The Carnegie Mellon University PhD program in statistics has a strong emphasis on cross-disciplinary training. The program is unusual in that training in cross-disciplinary applications of statistics is required of all students, along with training in probability and statistical theory and statistical computing.
Approximately half of the first-year curriculum is theoretical and half focuses on the practice of statistics. Some of the applied subject matter courses involve problems that arise from the faculty's collaborative research involvement. In the required course on statistical practice, students gain experience in working on real applications. The applications cover a wide range of disciplines, and even though a student addresses only one or two applications, he or she learns about other applications from other students' experiences.
In the second year of the program, the advanced data analysis course exposes students to a substantial cross-disciplinary experience. The course has two main components that run throughout the year. One is a discussion of different types of data analysis problems, along with current tools and techniques. The second requires each student to engage in a major scientific research project and to analyze the data generated by that project. The student is supervised by a committee, one member of which is the scientist whose data is being analyzed. This culminates in a major report (which often becomes a research publication) and a presentation on the project to the entire department.
The third and fourth years of the PhD program focus on dissertation research; however, students also select a seminar course. A variety of such courses are offered. Some of them focus on landmark papers in statistics, some explore the latest developments in a subfield (such as
6
This program description is drawn from the paper “Modernizing Statistics Ph.D. Programs,” written for the August 1993 symposium entitled Modern Interdisciplinary University Statistics Programs that was sponsored by the NRC's Committee on Applied and Theoretical Statistics. The full paper was reprinted in American Statistician 49 (February 1995):12–17.

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Bayesian statistics, spatial statistics, or dynamic graphics), while others deal with application areas of faculty interest, such as statistics applied to cognitive neuroscience and neuroimaging. Because among them the faculty have many cross-disciplinary research interests, students can also continue to gain a variety of additional cross-disciplinary research experiences by working as research assistants.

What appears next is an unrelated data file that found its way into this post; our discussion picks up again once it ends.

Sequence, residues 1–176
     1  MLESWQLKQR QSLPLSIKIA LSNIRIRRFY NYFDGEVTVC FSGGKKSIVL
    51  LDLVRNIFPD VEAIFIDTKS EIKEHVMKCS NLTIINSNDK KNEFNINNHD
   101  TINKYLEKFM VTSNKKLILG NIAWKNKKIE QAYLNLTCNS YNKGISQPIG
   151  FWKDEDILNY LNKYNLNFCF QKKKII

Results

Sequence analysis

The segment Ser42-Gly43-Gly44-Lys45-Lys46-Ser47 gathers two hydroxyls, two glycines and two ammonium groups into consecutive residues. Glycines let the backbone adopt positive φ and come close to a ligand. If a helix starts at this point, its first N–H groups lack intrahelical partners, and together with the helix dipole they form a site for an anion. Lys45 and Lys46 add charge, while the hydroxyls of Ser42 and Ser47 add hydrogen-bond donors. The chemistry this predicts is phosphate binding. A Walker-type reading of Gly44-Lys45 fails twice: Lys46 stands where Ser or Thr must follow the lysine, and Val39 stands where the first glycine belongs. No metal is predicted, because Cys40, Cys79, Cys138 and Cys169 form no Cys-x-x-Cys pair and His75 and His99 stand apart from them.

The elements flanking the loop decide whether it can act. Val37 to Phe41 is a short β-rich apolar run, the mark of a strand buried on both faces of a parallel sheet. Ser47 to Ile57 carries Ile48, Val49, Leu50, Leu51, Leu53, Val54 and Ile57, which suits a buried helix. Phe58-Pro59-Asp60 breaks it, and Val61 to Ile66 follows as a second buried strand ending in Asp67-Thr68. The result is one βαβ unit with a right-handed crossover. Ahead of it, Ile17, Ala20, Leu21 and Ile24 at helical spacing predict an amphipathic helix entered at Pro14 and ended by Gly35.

The primary intent of the graduate program is to train mathematical scientists for a variety of careers. PhD graduates conduct research in industrial and government laboratories, pursue research and teaching careers in traditional university settings, or pursue careers in the financial sector. The success of the program is due in large part to a strong faculty consensus on the importance of cross-disciplinary training. With knowledge increasing so rapidly, students may be frustrated by how little they can learn of it as graduate students, particularly if they are pursuing cross-disciplinary research. It is important, therefore, for them to receive consistent messages and good examples from the faculty concerning the importance of true cross-disciplinary experiences to their future success as statisticians.
University of Chicago Math Concentration of Specialization in Economics7
Undergraduate training of candidates for top PhD programs in economics by U.S. universities falls short of the training in European systems. Many foreign undergraduate students have substantially more mathematics training than U.S. students: they begin a specialized technical curriculum earlier and so have more opportunity to take courses beyond calculus, including real, complex, and functional analysis and ordinary differential equations.
In response to this situation, the University of Chicago has created an option that encourages college students who aspire to either a PhD in economics or a quantitative research position in private industry to take more mathematics. A math concentration with a specialization in economics incorporates seven quarter-long courses outside the Mathematics Department (intermediate economics courses, mathematical probability, statistics, and econometrics) with 10 courses from the undergraduate curriculum for a BS in mathematics. Courses from the Statistics Department are also included in the concentration. The program requires analysis and differential equations courses as well as two quarters of basic algebra.This initiative came about because the directors of the undergraduate mathematics studies were willing to work with the undergraduate economics program directors, who recognized that quantitatively oriented students are likely to receive better training in mathematics from mathematicians than from economists. It brings technically strong mathematics students into a substantive science, in this case economics. Students with this mix of courses have gone on to graduate studies in economics and statistics. Others use this training to gain employment in research departments of private industries.
7
A description of the requirements of this specialization can be found at <http://www2.college.uchicago.edu/catalog99-00/htm/Math99.html>.

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The University of Arizona Program in Applied Mathematics8